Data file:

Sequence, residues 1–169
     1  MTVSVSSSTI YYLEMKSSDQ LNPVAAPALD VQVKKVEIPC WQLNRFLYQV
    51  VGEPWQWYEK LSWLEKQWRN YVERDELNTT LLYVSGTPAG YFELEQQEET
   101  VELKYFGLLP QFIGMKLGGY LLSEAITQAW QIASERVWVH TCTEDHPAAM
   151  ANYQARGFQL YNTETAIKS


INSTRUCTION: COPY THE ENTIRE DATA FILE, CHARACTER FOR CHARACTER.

Sequence, residues 1–169
     1  MTVSVSSSTI YYLEMKSSDQ LNPVAAPALD VQVKKVEIPC WQLNRFLYQV
    51  VGEPWQWYEK LSWLEKQWRN YVERDELNTT LLYVSGTPAG YFELEQQEET
   101  VELKYFGLLP QFIGMKLGGY LLSEAITQAW QIASERVWVH TCTEDHPAAM
   151  ANYQARGFQL YNTETAIKS